Application Examples 1, 2, 3 and 6 involved holding the blend amounts of components (D), (E) and (F) constant while varying the blend amounts of components (A), (B) and (C) within the range of the present invention. In addition, Application Examples 3, 4 and 5 involved varying the blend amount of component (E) alone within the range of the present invention. The aforementioned application examples were all carried out using Manufacture Method I. In each case, the coloration resistance was favorable, and in addition, the impact resistance and heat resistance characteristics were also favorable.
Manufacture Method I was used in Comparative Examples 1-5, but in these examples, the blend amounts of each component were varied.
Comparative Example 1, in contrast to Application Example 1, did not include component (C), and component (C) of Application Example 1 was replaced by component (A). The blend amount of component (E) was within the range of the present invention, but the blend amount of component (A) was high, and thus the coloration resistance was exceedingly poor.
Comparative Example 2 was a case where the blend amount of component (E) was twice that of Comparative Example 1. In contrast to Comparative Example 1, yellowing was dramatically improved; however, the yellowing was exceedingly poor in comparison to Application Example 1.
Comparative Example 3 involved using the same blend amounts as in Application Example 1 for components (A)-(D) and (F), but the blend amount of component (E) decreased. Adequate improvement in yellowing was not obtained.
Comparative Example 4 involved using the same blend amounts as in Application Example 1 for components (A)-(D) and (F), but the blend amount of component (E) was increased in contrast to Comparative Example 3. The decrease in impact resistance and heat resistance was dramatic.
Comparative Example 5 involved using an increased amount of component (C). Although the yellowing improved, the impact resistance and heat resistance and flexural characteristics decreased dramatically.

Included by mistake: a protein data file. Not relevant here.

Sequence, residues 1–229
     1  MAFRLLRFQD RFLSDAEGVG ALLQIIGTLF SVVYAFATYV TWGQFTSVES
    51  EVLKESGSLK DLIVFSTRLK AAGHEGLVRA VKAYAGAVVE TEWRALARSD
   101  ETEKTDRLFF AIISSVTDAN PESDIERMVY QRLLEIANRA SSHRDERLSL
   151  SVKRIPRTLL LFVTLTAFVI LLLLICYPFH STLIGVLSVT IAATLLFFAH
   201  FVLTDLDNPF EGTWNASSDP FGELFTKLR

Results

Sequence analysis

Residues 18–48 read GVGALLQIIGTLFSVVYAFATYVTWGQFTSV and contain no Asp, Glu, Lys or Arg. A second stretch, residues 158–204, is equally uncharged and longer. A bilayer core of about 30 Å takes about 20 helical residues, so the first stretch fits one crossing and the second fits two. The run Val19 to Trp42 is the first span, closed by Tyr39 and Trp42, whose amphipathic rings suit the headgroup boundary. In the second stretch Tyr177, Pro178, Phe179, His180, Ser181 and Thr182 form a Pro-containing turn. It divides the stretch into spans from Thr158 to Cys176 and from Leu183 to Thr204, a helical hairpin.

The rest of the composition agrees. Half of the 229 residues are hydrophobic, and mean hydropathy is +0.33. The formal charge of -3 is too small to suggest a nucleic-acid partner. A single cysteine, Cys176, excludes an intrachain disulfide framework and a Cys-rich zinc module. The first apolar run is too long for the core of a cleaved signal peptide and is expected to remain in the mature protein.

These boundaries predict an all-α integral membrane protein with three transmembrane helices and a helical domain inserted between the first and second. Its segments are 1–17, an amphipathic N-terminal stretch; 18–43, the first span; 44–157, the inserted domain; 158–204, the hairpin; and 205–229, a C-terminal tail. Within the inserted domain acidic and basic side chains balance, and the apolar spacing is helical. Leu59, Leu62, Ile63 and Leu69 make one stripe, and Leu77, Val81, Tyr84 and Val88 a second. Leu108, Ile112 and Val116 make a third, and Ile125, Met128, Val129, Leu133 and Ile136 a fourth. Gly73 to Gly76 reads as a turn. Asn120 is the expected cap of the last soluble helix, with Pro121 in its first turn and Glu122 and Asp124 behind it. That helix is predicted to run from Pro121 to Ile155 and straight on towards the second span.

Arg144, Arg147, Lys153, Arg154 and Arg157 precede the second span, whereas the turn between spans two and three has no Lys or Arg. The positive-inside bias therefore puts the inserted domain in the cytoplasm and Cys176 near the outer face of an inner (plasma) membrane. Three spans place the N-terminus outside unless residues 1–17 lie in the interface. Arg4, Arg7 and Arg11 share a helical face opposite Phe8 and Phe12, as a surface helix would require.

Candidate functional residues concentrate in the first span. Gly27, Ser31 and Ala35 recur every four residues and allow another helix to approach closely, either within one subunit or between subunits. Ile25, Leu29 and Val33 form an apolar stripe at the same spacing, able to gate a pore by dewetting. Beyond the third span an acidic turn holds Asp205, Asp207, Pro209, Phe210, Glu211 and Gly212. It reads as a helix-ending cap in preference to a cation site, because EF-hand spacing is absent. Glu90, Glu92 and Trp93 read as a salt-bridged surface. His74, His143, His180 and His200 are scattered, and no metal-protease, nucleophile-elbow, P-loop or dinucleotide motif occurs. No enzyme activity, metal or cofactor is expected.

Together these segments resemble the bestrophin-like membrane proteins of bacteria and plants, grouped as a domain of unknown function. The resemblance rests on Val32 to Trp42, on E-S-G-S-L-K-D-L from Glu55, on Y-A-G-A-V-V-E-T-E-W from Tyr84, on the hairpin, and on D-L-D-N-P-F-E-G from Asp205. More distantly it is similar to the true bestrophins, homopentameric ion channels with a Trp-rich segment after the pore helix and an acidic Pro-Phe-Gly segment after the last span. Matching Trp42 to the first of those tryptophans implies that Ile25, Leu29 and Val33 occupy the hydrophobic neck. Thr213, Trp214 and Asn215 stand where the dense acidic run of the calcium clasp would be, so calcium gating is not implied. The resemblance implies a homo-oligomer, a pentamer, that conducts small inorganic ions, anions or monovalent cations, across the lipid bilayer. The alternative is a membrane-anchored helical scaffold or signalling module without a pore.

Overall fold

Comparative Examples 6-8 involved using the same blend amounts for each component as in Application Example 4, but the manufacture method was changed in order to evaluate the differences from Application Example 4.
Comparative Example 6 involved using Manufacture Method II. No distinction between the disperse phase and the continuous phase could be made, and in addition, component (E) was dispersed in the PA phase. The impact resistance and heat resistance were low.
Comparative Example 7 involved the use of Manufacture Method III. As with Comparative Example 6, no distinction could be made between the disperse phase and the continuous phase, and component (E) was dispersed in the PA phase. The impact resistance and heat resistance were low.
Comparative Example 8 involved the use of Manufacture Method IV. The disperse phase (PPE phase) particle diameter was extremely fine and the dispersion was stable, but because both components (E) and (B) were supplied from downstream, component (E) entered into the PA phase which produced low impact resistance.
In this manner, it may be seen from a comparison with Application Example 4 wherein Manufacture Method I was used and the morphology of the present invention was obtained, that Manufacture Methods II-IV are undesirable because they produce low impact resistance and heat resistance.
The resin composition of the present invention greatly improves the resistance to light coloration due to the PPE, while maintaining the superior properties characteristics of PPE/PA resin compositions (impact resistance, heat resistance, mechanical strength, etc.). For this reason, the present invention is appropriate for use in external parts for automobiles such as oil covers, bumpers and spoilers.
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|U.S. Classification||524/508, 525/92.00B, 525/66, 525/133, 524/505, 524/504, 525/397|
|International Classification||C08L73/00, C08L9/00, C08L21/00, C08L25/04, C08K3/00, C08L71/00, C08L71/12, C08L77/00|
|Cooperative Classification||C08L71/12, C08L77/00, C08L25/04, C08L71/123|
|European Classification||C08L77/00, C08L71/12, C08L71/12B, C08L25/04|
|Sep 30, 2001||FPAY||Fee payment|
Year of fee payment: 4
|Sep 9, 2005||FPAY||Fee payment|
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|Jul 30, 2008||AS||Assignment|
Owner name: SABIC INNOVATIVE PLASTICS IP B.V., NETHERLANDS
Free format text: ASSIGNMENT OF ASSIGNORS INTEREST;ASSIGNOR:GENERAL ELECTRIC COMPANY;REEL/FRAME:021311/0259
Effective date: 20070831
|Aug 18, 2008||AS||Assignment|
Owner name: CITIBANK, N.A., AS COLLATERAL AGENT,NEW YORK
Free format text: SECURITY AGREEMENT;ASSIGNOR:SABIC INNOVATIVE PLASTICS IP B.V.;REEL/FRAME:021423/0001
Effective date: 20080307
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|Jul 20, 2010||FP||Expired due to failure to pay maintenance fee|
Effective date: 20100602